Key factors for effective patient participation groups

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Summary of report content

A Patient Participation Group (PPG) is a group of patients, working in partnership with their GP practice to improve services and to enable patients to look after their own health. From 1st April 2016, it has been a contractual requirement for all English practices to form a Patient Participation Group. Most practices in Leeds have a group but the number of participants, frequency of meetings and feedback methods vary. Some work has been undertaken nationally by the National Association for Patient Participation to review how PPGs work but locally only limited work has been carried out. Healthwatch Leeds has been invited by the Leeds North Clinical Commissioning Group (CCG) to carry out a project which will help to share what works well in PPGs and where more support may be helpful for them. Eight practices in the north Leeds area were selected by Leeds North CCG to give a good variety of size of practice, demographic of patients and geographic spread for this project. Healthwatch Leeds arranged interviews with the person who coordinated the PPG, the PPG members and the patients of the respective practices. Healthwatch Leeds conducted 52 face to face or telephone interviews with staff and patients between August and November 2016. Healthwatch Leeds spoke to 8 staff who coordinate the PPG in the selected practice; 11 PPG members and 32 patients across these surgeries. The questionnaires we used for each group of interviewees are available on request or can found on the website with this report. The key findings within the report informed the key areas: PPG basic structures and method of operation; what is already working well in these groups; what are the key factors for a good and effective PPG; what challenges are they facing; what support have PPG members received. Their are 17 recommendations which are documented in the report.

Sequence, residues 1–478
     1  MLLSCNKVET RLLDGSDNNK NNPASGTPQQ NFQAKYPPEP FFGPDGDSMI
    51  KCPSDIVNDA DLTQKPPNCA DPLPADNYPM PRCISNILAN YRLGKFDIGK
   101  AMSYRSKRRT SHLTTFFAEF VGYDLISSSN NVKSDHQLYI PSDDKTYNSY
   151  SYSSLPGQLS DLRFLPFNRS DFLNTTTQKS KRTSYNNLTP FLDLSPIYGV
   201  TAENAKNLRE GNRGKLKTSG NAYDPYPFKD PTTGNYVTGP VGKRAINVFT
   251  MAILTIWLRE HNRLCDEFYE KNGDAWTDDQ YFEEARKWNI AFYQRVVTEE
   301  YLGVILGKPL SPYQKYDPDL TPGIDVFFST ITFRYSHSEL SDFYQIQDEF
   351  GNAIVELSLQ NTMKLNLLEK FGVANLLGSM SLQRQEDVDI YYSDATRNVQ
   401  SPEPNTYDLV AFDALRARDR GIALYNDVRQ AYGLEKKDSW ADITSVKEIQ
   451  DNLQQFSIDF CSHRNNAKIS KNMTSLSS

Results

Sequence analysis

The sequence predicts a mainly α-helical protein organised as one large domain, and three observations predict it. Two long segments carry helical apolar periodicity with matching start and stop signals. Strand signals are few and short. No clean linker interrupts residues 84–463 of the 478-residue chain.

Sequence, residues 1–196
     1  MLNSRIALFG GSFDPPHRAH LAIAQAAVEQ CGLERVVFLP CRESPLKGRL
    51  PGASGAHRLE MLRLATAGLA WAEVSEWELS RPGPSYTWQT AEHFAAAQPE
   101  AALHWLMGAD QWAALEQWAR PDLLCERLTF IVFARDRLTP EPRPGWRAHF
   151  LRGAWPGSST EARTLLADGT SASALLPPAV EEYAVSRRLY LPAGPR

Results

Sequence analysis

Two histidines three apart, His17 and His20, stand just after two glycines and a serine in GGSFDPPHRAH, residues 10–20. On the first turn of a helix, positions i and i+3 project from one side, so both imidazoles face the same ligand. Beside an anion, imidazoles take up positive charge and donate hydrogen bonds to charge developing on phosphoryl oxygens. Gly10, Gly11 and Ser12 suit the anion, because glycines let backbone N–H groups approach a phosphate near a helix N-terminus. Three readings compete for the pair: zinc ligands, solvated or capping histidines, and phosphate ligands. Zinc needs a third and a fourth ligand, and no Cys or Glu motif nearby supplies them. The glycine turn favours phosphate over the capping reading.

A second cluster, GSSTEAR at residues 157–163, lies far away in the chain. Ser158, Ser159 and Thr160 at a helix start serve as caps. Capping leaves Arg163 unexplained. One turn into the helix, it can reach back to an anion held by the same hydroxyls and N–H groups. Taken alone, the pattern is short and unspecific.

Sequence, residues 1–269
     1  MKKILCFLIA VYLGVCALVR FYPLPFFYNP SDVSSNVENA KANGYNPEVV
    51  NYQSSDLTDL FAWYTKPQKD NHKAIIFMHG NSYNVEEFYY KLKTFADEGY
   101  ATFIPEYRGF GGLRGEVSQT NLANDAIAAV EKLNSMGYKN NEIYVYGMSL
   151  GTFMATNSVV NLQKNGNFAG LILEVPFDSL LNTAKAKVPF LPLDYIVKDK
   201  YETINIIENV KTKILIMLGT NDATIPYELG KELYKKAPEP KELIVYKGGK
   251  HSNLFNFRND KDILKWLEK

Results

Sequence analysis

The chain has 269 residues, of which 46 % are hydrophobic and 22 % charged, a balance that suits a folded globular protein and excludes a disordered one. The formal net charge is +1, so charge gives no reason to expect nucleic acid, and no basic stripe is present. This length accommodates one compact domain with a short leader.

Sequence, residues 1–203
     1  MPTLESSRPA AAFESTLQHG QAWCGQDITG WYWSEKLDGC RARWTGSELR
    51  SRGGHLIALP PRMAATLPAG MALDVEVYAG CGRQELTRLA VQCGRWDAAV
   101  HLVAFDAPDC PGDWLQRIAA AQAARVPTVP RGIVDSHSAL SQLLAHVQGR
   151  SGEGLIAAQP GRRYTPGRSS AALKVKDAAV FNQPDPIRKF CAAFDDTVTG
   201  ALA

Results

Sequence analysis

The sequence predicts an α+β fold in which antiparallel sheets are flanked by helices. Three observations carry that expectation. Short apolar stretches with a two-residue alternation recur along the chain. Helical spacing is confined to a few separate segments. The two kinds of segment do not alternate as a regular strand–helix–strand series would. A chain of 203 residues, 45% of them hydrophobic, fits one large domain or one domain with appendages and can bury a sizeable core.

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General details

Report title 
Key factors for effective patient participation groups
Local Healthwatch 
Healthwatch Leeds
Date of publication 
Thursday, 23 February, 2017
Date evidence capture began 
Thursday, 23 February, 2017
Date evidence capture finished 
Thursday, 23 February, 2017
Type of report 
Key themes 
Public involvement
Healthwatch reference number 

Methodology and approach

Was the work undertaken at the request of another organisation? 
What type of organisation requested the work 
Primary research method used 
How was the information collected? 
If an Enter and View methodology was applied, was the visit announced or unannounced? 

Details of health and care services included in the report

Primary care services 
GP practice

Details of people who shared their views

Number of people who shared their views 
Age group 
Not known
Not known
Not known
Sexual orientation 
Not known
Does the information include public's views? 
Does the information include carer's, friend's or relative's views? 
Does the information include staff's views? 
Types of health and care professionals engaged 
All care professionals
Does the information include other people's views? 
What was the main sentiment of the people who shared their views? 

Outcomes and impact

Were recommendations made by local Healthwatch in the report? 
Does the information contain a response from a provider? 
Is there evidence of impact in the report? 
Is there evidence of impact external to the report? 

Network Impact
Relationships that exist locally, regionally, nationally have benefited from the work undertaken in the report
Implied Impact
Where it is implied that change may occur in the future as a result of Healthwatch work. This can be implied in a provider  response, press release or other source. Implied impact can become tangible impact once change has occurred.
Tangible Impact
There is evidence of change that can be directly attributed to Healthwatch work undertaken in the report.